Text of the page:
My ex-wife’s at the door a-knockin’
Lord that woman won’t leave me alone
Same question, where’s my money
Well, honey, you can’t get blood from a stone

When I get it, you get it
Times are tough, get in line and wait
When I get it, you get it
And that’s all you’re gettin’ today, yeah.

Arnold Schwarzenegger does not agree that he should have to pay alimony or attorney fees for Maria Shriver according to divorce pleadings filed by his attorney in response to her complaint for divorce.

The pleadings may not make much difference if the couple settles out of court.

Both parties are asking the court for joint custody of their sons, age 17 and 13.  Child support will also have to be addressed in the settlement.

Source:  Bakersfieldnow.com

Various alimony guidelines have been developed around the country.  The American Academy of Matrimonial Lawyers (AAML) has developed a guideline that uses incomes and length of marriage to calculate the starting point for determining alimony.  The Kaufman guidelines, developed by a Michigan divorce attorney and initially published locally by the Montgomery County Commission for Women, use income, length of marriage, education, income potential and child custody to generate a  recommended amount and duration of alimony.  Last year, the Maryland Court of Appeals approved a trial judge’s reference to the AAML alimony guidelines for informational purposes in Boemio v Boemio, 414 Md. 118, 994 A.2d 911 (2010) .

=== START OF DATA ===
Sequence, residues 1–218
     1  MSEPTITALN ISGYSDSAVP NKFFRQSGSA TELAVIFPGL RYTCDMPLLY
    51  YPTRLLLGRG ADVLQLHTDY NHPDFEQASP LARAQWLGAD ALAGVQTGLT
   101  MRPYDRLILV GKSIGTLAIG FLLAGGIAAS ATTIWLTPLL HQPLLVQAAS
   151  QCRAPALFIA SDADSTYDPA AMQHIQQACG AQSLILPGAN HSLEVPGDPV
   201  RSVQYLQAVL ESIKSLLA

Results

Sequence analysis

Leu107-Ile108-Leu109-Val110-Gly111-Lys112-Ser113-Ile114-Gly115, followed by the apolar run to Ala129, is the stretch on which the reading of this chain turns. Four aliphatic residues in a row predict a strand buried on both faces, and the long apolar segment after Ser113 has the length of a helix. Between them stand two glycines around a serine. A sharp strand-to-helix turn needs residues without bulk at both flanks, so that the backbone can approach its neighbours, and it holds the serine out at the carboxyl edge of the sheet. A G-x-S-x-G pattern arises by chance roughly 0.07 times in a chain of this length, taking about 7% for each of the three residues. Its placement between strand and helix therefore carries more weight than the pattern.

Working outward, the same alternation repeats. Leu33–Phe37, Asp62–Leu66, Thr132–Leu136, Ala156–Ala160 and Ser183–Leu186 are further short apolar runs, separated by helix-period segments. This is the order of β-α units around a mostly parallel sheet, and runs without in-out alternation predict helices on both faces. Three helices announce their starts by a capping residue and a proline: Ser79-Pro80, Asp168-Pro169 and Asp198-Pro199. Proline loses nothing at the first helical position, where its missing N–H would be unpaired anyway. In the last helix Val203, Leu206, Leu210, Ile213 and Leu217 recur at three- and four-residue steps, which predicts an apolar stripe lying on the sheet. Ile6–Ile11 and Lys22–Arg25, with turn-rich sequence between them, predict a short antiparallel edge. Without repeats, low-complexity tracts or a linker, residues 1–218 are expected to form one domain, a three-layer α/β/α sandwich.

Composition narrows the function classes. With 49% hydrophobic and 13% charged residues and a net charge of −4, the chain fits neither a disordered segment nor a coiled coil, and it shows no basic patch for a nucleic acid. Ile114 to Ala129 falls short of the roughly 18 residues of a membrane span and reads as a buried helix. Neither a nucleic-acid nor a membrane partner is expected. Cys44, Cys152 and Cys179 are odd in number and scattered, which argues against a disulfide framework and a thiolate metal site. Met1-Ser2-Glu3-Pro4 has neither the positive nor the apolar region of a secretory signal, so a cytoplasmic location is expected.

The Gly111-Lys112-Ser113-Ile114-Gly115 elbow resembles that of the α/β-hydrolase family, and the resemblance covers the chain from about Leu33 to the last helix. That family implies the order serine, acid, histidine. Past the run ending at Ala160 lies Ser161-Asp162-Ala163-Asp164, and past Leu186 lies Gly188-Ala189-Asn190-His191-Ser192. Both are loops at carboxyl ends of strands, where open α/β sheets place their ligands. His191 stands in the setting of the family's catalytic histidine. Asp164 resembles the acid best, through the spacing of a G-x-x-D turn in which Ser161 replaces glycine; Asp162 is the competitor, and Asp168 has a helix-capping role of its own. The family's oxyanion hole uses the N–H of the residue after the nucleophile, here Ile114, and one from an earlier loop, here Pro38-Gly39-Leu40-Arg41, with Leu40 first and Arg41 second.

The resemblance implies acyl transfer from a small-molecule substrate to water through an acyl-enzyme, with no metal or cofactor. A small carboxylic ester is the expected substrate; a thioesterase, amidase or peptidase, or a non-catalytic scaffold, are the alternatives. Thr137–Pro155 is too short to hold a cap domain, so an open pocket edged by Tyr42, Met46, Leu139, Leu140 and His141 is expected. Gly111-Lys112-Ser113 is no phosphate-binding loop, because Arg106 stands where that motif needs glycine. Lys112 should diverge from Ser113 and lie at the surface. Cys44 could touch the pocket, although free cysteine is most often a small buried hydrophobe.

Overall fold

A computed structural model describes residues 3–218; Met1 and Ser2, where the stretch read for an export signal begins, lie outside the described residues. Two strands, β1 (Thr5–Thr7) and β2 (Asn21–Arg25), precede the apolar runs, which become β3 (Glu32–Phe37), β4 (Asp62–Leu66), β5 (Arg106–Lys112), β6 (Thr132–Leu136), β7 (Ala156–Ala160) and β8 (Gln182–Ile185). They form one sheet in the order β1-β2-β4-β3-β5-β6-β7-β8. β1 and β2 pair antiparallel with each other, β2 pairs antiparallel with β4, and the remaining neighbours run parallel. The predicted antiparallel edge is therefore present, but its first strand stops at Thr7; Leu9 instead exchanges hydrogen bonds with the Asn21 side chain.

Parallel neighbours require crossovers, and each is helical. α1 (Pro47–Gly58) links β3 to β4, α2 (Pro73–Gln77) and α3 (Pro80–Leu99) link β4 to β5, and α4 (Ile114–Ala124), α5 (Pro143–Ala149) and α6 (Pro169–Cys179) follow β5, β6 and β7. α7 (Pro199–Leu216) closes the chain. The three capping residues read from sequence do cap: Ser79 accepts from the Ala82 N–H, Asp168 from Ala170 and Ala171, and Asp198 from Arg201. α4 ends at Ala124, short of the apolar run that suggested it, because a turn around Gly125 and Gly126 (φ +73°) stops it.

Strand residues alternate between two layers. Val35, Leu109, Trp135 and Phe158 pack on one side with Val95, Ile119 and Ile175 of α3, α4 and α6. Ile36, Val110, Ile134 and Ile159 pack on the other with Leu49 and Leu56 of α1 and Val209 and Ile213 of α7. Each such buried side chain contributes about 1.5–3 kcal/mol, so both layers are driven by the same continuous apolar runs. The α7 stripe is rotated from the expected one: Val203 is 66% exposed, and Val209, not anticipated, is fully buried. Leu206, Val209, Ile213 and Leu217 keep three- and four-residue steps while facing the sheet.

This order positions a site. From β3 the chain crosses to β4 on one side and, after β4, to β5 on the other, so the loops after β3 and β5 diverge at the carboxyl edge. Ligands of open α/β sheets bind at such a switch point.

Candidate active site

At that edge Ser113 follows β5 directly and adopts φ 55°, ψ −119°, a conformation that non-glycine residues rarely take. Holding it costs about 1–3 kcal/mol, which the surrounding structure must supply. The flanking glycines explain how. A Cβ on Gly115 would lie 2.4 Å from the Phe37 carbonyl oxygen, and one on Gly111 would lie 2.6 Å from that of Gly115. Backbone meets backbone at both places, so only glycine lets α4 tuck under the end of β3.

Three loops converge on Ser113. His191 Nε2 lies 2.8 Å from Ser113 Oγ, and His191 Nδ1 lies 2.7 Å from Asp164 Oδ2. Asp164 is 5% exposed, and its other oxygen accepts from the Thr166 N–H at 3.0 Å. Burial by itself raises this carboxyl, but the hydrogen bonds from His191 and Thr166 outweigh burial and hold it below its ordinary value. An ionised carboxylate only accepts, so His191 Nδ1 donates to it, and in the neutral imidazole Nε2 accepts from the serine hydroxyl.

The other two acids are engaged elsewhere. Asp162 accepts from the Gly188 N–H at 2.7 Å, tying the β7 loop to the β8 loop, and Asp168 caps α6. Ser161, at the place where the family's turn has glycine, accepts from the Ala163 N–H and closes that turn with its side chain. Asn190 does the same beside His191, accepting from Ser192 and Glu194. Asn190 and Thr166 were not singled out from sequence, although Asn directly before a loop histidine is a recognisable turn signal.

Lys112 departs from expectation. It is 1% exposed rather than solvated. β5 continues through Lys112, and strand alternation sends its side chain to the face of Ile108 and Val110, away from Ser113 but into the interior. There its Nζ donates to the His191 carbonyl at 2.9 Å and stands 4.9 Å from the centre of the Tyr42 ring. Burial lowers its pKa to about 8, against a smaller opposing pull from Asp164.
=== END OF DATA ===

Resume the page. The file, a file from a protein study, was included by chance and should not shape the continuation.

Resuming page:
In Virginia, the Fairfax County Circuit Court has by rule adopted guidelines for pendente lite alimony determinations.  It is commonly understood that those guidelines have some influence on final alimony settlements and determinations.

There may someday be statutory alimony guidelines in each state the way there are now statutory child support guidelines but it is not likely to be anytime soon.  The driving force behind the universal adoption of statutory child support guidelines was the federal interest in making child support more predictable and more collectible across state lines.   It does not appear there is any similar overriding federal concern with alimony.  So divorcing spouses and divorce lawyers will continue to settle alimony cases based on all the circumstances with non-statutory guidelines playing an increasingly important role in negotiations.  Those cases that do not settle will be tried before judges who may or may not consider the various guidelines in deciding the cases.

In the Holston case, the Maryland Court of Special Appeals explained the general rule that alimony is for the purpose of helping a dependent spouse become self supporting so it should be for a limited time and not permanent in most cases.  But there are some circumstances when that may be impractical or unfair.  The exceptions are in Article 16, § 1(c)(1) of the Maryland Code, which provides:

The court may award alimony for an indefinite period when it finds as a fact that: